It is hard to offer you specific advice since you have not described your goals for the boat in any detail. My general sense in reading your post is that it really does not make a whole lot of sense unless your plan is to cruise around Europe anyway and then ship home a used boat to reduce your import tax.

As I look at this, I can't understand why you are making the choices that you are. As I see it, Jeanneau's are a high volume commody boat, one step down from a Beneteau in terms of build quality and standard equipage. The model that you are looking at is not really the kind of purpose built off-shore voyaging design (such as a Hallberg Rassey or Hylas for example) that I would want to sail half way around the world. That leaves you with two bad choices on the Jeanneau, either shipping it home or else sailing it home. If you ship it home, the boat builders generally get much better shipping rates than you or I can get and also have the expertise and equipment to pack the boat easily and safely. They also take the risks if something goes wrong prior to delivery to you. If they ship it you typically have the right to a survey on arriveal and to reject the boat if it arrives damaged. If you buy the boat in Europe, you are on your own.

If you chose to sail the boat home, a voyage like that in a boat that was not intended for that kind of long distance voyaging, increases the likelihood that what will arrive in Australia will be a very tired, very used boat, with a greatly depreciated value. Unless your key goal is to experience the trip from Europe to Australia, then sailing home makes less than zero sense at all, and even if your key goal were the trip home, you would be far and away ahead of the game to make the trip in a boat that was actually intended for that purpose.

But the other thing is that there are really high quality boats built in your corner of the world and even some of these may seem more expensive initially, by the time that you buy a boat in Europe and get it home, it would seem like either buying one of these higher quality boats, or perhaps the Jeanneau that you have in mind in Australia would make a lot more sense.

Respectfully,
Jeff

Jeff H is one of the most sound, respected authorities on this board. His advice has guided many a newbie as well as experienced sailors alike. In general, he is correct that brands like Jeanneau, Beneteau, Catalina, Hunter, etc are nowhere close to purpose build bluewater cruisers.

*HOWEVER*...a large (40 ft+) Jeanneau or Beneteau which is equipped and crewed properly would be a boat that can make an ocean crossing with the right weather. In fact, many larger Jeanneaus and Beneteaus do this regularly as part of the Atlantic Rally for Cruisers.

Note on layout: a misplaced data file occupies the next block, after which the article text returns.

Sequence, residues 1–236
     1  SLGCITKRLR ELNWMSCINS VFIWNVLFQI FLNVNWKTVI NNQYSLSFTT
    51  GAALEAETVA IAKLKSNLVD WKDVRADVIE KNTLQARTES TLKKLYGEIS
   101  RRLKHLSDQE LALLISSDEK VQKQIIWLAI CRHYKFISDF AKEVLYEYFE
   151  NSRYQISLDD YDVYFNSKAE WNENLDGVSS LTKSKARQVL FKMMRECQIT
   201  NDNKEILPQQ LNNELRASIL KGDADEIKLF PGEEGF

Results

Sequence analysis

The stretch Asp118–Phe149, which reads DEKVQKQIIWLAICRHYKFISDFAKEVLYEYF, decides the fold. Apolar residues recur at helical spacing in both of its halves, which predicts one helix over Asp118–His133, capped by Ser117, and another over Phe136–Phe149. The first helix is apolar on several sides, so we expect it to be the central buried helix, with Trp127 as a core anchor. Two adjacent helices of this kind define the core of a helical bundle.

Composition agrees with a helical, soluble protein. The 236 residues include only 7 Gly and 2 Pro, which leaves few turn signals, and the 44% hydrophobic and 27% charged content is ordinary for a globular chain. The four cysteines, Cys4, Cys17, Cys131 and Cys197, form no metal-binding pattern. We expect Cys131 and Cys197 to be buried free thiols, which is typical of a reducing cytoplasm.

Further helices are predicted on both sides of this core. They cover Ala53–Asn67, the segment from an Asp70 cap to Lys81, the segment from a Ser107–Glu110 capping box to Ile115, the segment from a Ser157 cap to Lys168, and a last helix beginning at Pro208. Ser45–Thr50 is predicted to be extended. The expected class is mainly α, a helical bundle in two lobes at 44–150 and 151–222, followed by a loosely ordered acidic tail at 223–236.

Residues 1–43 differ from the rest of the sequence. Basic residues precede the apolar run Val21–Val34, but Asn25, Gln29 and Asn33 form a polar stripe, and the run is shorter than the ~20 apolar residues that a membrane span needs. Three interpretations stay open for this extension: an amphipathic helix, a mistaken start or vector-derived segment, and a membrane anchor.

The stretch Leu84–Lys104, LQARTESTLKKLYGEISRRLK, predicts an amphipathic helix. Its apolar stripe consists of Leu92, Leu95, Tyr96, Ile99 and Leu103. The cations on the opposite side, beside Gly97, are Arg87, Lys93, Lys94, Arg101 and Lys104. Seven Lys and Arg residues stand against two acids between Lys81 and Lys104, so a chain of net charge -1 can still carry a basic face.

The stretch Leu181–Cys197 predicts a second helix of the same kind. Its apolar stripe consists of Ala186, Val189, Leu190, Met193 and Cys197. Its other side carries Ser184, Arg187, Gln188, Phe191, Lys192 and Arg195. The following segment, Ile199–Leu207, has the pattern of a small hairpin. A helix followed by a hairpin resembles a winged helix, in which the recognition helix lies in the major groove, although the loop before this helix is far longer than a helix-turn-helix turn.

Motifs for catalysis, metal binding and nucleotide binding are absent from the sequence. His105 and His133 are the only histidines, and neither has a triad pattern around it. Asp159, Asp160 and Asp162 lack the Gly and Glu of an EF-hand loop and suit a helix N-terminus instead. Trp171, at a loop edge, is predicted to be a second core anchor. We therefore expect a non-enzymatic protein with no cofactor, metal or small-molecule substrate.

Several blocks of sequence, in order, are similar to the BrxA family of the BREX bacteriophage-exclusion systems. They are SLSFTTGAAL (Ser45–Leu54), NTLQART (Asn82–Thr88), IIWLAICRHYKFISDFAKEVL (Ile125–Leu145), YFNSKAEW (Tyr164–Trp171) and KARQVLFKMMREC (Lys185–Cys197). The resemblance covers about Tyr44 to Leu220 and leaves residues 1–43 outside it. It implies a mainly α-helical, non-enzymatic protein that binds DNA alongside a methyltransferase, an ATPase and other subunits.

It all depends on what your goal is. Is it to cruise the caribbean then poke along for a while to make it to AUS? Then I'd be ok with buying a factory boat if the price was that much lower than local. But if its to buy in EU then RUSH back to AUS, forget it...buy local and new...it will be a well used boat if you expose it to the ocean in a rush to get home.

FYI...there are 17 Jeanneaus in this years ARC.
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Old 12-18-2009
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Quote:
Originally Posted by deandavis1 View Post
Hello, i have never bought a new yacht before and was after a little advise.

My intent is to buy a Jeanneau 45DS and pick it up in France. I am based in Sydney and happy to travel.
.....
Thanks

Dean
[FONT='Verdana','sans-serif']Hello there,

That's the right time to buy a boat.

As have been said you can have at least a 10% discount plus the offer of several equipment if you buy now. For the best offer you should ask a quote to the biggest dealers or go to a major boat show and make your deal there. You just missed the Paris boat show, but the biggest of them all is coming soon: The Dusseldorf boat show.

But of course, if you buy there it will be for the fun of sailing back...and it will make no sense if you do it in a hurry.

As Jeff as said, a 45 Halberg Rassy would be a better boat for ocean going, but for the price you pay for the 45 jeanneau you would end up with a 34ft Halberg Rassy...and that one would be less appropriate to ocean crossing.

I don't know why jeff says that the Jeanneau is a worst boat than Beneteau. It seems to me they are equivalent in build quality, with jeanneau with a bit more build technology (injection molding). They belong to the same group and just point to different markets.

I believe Nightowl is right. Most big production 40ft are capable of crossing oceans, if properly equipped for the job. Of course, I am talking in the right season and not on extreme latitudes.

A Portuguese fisherman from Azores bought a 36ft Bavaria and has circumnavigated twice (solo) and I know of many guys (some friends) that have crossed the Atlantic with modern big production 36ft boats. The unsworthiness of modern production boats is exaggerated.

If you look for a good deal on the 45DS just look for a 2007 or 2008 boat. There are several for sale in Europe, and you can save 70 000 euros and have a practically new boat.

regards[/FONT]
fficeffice" />>>

Last edited by PCP; 12-18-2009 at 06:40 PM.